Tuesday, October 12, 2010

Confronting prejudice, via a sheep on Lyndhurst Terrace

I went for a walk at lunchtime today, to get a break from the infernal ennui provoked by database management systems, and as I strolled along Lydnhurst Terrace I walked past a woman bellowing into her phone. And a sheep.

I carried on, then had to stop and walk back to verify this. Yes, I really had seen a sheep.

Well, a fake sheep, designed for use as a seat or an impractical table, I suppose. It was on display in the shop that the bellowing woman was standing by. However, I think she thought that this dishevelled bloke was just eyeing her up and had decided to return for a double helping, so she gave me a dirty look and I trundled away.

My attention was further arrested a little further down the street, by this sign:

A sign, possibly not very well thought out

Now, despite what I might have written before, I don't want to be the sort of person who catalogues all those Amazingly Hilarious And Zany Ways Those Silly Orientals Get English Wrong. There's far too much of that already. There's also one chap in the US who helpfully translates people's Chinese tattoos and tells them what they thought was 'Indomitable Spirit' actually means 'Steamed Pork Buns'. Although that's not really very helpful. If you've gone to the effort of being indelibly scarred with the fifth item on the menu at Mr Wong's All You Can Eat Chinese Wholesale Restaurant in Croydon, it would be a lot more helpful if people told you that meant "Mighty Warrior" or "Mother". Well, helpful for your self-esteem. Less helpful if you really, really like steamed pork buns.1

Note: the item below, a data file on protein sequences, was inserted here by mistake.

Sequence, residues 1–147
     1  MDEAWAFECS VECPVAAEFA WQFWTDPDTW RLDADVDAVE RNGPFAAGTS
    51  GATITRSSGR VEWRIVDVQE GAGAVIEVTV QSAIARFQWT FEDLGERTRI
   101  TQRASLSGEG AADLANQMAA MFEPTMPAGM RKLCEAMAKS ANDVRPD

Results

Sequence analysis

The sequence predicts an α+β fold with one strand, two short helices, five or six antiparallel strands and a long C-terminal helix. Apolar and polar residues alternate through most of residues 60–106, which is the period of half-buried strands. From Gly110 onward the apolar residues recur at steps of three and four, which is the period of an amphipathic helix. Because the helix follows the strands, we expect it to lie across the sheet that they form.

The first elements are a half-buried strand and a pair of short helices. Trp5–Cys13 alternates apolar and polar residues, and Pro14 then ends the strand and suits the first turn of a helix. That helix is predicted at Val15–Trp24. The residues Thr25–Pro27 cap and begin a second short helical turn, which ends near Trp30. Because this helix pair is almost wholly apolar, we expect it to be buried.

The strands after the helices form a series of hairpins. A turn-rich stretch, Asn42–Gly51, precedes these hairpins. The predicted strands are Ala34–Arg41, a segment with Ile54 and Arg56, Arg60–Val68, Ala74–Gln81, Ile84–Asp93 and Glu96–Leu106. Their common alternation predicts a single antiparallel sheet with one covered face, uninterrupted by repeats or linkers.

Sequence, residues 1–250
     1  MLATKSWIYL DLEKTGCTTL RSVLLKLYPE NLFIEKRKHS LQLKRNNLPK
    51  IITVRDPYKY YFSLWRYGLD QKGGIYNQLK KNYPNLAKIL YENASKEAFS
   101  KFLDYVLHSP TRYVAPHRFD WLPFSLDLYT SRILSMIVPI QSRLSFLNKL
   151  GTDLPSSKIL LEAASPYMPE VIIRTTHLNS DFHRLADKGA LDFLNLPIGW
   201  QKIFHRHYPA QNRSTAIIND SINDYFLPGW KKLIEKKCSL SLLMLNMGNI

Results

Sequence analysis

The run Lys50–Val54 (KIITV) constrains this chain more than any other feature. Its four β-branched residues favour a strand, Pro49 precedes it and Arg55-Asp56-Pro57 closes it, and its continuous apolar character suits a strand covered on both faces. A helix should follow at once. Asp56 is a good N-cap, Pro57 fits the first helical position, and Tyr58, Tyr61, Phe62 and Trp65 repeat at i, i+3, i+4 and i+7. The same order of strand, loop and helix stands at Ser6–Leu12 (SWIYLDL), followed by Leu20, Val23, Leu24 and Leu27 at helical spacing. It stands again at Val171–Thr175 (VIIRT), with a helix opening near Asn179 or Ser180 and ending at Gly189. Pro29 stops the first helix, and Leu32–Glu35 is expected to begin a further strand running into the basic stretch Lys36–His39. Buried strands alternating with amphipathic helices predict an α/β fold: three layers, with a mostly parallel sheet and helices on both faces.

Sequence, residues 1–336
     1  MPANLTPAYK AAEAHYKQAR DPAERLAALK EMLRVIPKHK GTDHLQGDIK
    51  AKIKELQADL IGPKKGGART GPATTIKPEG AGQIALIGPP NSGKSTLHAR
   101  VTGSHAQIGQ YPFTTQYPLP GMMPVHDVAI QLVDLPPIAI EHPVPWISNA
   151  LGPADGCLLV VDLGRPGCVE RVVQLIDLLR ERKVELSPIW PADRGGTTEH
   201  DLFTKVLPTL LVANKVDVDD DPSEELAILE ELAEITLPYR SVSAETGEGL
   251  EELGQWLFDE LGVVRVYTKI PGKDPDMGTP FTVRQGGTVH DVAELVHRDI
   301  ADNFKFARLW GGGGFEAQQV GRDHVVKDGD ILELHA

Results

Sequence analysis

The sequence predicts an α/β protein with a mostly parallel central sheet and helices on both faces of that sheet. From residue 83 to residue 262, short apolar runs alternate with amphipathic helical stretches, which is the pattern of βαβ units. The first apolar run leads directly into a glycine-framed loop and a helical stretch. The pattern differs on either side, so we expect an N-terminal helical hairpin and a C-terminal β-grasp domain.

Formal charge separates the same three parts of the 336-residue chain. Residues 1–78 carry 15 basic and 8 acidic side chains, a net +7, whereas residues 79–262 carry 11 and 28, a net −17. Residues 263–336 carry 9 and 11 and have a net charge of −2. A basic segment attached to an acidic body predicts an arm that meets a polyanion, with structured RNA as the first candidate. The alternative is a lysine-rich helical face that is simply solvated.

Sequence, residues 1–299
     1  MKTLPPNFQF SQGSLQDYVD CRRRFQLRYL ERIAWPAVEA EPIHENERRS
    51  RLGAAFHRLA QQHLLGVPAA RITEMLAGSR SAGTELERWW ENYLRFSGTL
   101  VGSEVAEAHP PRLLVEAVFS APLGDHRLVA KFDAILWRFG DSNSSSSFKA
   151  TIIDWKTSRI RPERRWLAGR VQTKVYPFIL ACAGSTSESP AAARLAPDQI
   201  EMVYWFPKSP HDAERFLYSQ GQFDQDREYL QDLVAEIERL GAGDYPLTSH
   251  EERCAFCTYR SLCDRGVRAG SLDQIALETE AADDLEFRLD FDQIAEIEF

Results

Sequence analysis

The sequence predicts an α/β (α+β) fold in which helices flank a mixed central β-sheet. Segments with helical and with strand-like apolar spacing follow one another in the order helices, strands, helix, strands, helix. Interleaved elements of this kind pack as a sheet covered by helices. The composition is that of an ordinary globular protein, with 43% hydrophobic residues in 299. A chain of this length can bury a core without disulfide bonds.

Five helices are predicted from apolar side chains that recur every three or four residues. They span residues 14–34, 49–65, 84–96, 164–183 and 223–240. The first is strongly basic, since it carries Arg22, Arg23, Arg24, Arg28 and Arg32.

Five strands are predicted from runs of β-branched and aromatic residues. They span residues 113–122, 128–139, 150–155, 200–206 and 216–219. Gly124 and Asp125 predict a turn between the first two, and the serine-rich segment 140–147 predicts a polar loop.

But look at that sign. This doesn't strike me as a careless translation. It's either revenge by a poorly paid signwriter, or an attempt to acquire customers by mindbending them. I don't see how you can happen upon the name 'Medusa' without discovering anything about Greek myth, vis a vis gorgons.

And given Medusa's hairstyle (as I saw when I was in Taipei the time-before-last) and its effects on onlookers, it doesn't strike me as the best name for a hairdresser. Then again, if you only looked at the stylist via the mirrors, I suppose you'd be ok. Or is it dedicated to managing the coiffures of gorgons? In which case the accompanying picture seems largely unrepresentative, and I don't think it's a good idea to have snake-haired mythical creatures tooling around Central.

Not that I'm prejudiced. I mean, some of my best friends are mythical monsters. (A lesser man would inject a joke here about his mother-in-law being a basilisk, but I'm not married. And basilisks are unlikely to produce suitable spouses for people like me. In the sense that they'll be non-existent. I'm not trying to say that I think I'm too good for the daughter of a basilisk. I'm just saying ... Oh dear. Maybe I do have a prejudice against mythical monsters, and I've been living in denial all this time. Sorry. Still, I'm not the only one judging on surface appearance - just think of the bellowing woman from a few paragraphs earlier. Although maybe I'm unfairly ascribing judgments to her on the basis of her appearance. This is complicated.)

After all that, I found myself rooted to the spot, staring at this sign, like I'd been turned to stone. Irony, eh?

1 I don't have any tattoos, as I pointed out here, four years ago.


Minnie Bus said...

Do you realise that Mr Stopadoddledoo can also be read as Mrs Topadoodledoo?

Mr Cushtie said...

Only on Cross Dressing Thursdays.

Mind you, my funloving parents named my brother with the initials M.R.S., with inevitable hilarity when he first lived away from home and his housemates kept asking why all this mail was appearing, addressed to his (apparently invisible and silent) wife...

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